Familiarity in chamber music often evokes warm appreciation, and it was thus Nov. 7 when the Chicago-based Lincoln Piano Trio made one of their many Sonoma County appearances, this time on the Spring Lake Village Classical Music Series. Regularly presented by local impresario Robert Hayden, the Lin...
Symphony
PEACE AND LOVE FROM THE SANTA ROSA SYMPHONY
by Steve Osborn
Sunday, November 04, 2018
Before the Santa Rosa Symphony’s Nov. 4 performance of Leonard Bernstein’s “Symphonic Dances from West Side Story,” Symphony CEO Alan Silow took a moment to acknowledge the victims of the Pittsburgh synagogue attack and to observe that music offers a more peaceful and loving view of the world. Mr. ...
RECITAL REVIEW
Concerts Grand / Sunday, February 19, 2012
Elizabeth MacDougall, piano

Elizabeth MacDougall Plays Debussy's Suite Feb. 19 at Mendocino College

MACDOUGALL'S PIANISM CHARMS MENDOCINO COLLEGE AUDIENCE FEB. 19

by Terry McNeill
Sunday, February 19, 2012

The adage that no woman is a prophet in her own home town was, as usual, proven false Feb. 19 when Ukiah native Elizabeth MacDougall gave a warmly satisfying piano recital in Mendocino College’s Choral Room under the auspices of Concerts Grand.

Ms. MacDougall’s artistry has long been admired in the Mendocino County community, and for this recital of three works her audience packed the small room and heard a committed and serious presentation, beginning with Bach’s G Minor English Suite, BWV 808. Ms. MacDougall is a thoughtful, focused player that pays attention to Bach’s pesky details and is liberal with repeats, though at times she lacks flamboyance. These salient qualities served her well in the set of dances that comprise the Suite. Her trills and turns throughout were clear, as was the articulation. The Courante was lovely with careful phrasing and, as with all the movements, she manages rock steady tempos. The Gigue sparkled and was judiciously played.

Debussy’s popular Children’s Corner Suite closed the first half and like the Bach Suite was prefaced by extended remarks from the artist. Composed in 1908 for his daughter, Debussy in six disparate movements encapsulates memories of his own childhood and suggests comparison with Schumann’s Kinderscenen and Faure’s Dolly Suite. The Dr. Gradus ad Parnassum section had clear chordal outlines and was built to a fine toccata-like conclusion, and Ms. MacDougall carried a relaxed approach into the famous Serenade for the Doll, heavily using the shift pedal and contrasting legato and staccato sections. The concluding Golliwog’s Cake Walk was played with spice, the jazzy harmonies accented and again the pace steady and deliberate.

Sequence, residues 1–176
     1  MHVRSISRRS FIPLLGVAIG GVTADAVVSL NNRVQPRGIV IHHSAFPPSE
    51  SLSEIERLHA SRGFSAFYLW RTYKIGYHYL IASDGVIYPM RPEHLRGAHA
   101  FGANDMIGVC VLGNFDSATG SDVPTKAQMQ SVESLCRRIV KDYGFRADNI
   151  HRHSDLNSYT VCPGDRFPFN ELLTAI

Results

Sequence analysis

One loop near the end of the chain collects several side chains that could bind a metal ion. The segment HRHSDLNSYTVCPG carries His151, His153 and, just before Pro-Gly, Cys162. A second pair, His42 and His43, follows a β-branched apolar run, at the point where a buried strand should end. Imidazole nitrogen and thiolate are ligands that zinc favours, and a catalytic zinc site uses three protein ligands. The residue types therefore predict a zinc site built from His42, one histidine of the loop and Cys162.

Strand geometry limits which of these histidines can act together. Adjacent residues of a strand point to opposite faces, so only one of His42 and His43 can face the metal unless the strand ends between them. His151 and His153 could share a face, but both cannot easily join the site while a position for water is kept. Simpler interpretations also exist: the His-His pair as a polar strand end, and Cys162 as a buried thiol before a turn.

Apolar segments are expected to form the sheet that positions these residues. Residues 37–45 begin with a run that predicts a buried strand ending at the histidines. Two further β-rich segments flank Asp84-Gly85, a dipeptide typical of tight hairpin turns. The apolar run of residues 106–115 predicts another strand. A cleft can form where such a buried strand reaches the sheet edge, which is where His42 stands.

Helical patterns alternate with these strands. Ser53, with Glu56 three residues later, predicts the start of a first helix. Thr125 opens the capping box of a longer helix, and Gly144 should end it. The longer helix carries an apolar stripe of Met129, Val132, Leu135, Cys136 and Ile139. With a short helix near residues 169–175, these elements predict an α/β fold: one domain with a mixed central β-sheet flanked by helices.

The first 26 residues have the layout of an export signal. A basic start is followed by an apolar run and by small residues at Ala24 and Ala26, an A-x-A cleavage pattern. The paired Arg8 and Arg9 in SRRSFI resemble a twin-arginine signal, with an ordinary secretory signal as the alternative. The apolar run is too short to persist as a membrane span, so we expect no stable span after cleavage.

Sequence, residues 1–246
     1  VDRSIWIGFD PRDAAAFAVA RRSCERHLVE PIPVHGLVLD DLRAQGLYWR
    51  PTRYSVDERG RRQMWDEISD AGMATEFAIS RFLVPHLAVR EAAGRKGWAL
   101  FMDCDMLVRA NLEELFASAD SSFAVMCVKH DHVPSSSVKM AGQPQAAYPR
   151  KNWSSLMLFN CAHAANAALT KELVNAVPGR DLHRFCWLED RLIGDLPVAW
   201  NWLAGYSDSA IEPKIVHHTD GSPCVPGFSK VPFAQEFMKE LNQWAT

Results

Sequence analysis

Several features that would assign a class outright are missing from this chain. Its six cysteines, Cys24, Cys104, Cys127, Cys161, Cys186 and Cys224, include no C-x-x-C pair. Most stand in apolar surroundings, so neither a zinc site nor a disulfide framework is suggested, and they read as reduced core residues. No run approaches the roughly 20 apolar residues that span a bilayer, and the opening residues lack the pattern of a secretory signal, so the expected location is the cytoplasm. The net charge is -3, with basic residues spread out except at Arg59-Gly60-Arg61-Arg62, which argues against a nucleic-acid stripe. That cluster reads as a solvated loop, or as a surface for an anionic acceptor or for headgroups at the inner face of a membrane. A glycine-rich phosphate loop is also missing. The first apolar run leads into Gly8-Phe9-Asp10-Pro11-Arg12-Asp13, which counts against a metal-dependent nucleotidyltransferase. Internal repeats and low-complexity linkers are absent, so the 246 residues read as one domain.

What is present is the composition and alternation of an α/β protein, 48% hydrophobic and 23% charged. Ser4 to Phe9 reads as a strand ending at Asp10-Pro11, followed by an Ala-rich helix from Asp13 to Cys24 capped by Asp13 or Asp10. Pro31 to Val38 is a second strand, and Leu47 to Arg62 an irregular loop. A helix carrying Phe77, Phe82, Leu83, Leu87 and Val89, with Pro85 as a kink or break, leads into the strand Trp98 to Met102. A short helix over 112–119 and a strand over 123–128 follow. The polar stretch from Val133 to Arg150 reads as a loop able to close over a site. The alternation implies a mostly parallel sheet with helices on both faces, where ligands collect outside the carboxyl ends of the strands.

Played from score as was the entire recital, Beethoven’s magnificent Sonata in E, Op. 109, comprised the entire second part. This restless but amiable work was played introspectively but without the wrenching espressivity that appears in the second movement's theme and six variations. Ms. MacDougall can spin a lovely cantabile and her pedaling was always clean, letting the music unfold naturally. What I missed was more flexibility in phrasing, as even the heavenly phrase that ends the work needed a more supple rhythm and touch.

Responding to a standing ovation, the pianist played Chopin's arristocratic C-Sharp Minor Waltz, Op. 64, No. 2

Ukiah musical benefactors Joan and George Louie underwrote the concert and hosted a lavish reception in their home, replete with music making at their two pianos and exceptional curry and dessert dishes. Praise for such musical support can go no higher.

The reviewer is the producer of the Concerts Grand series.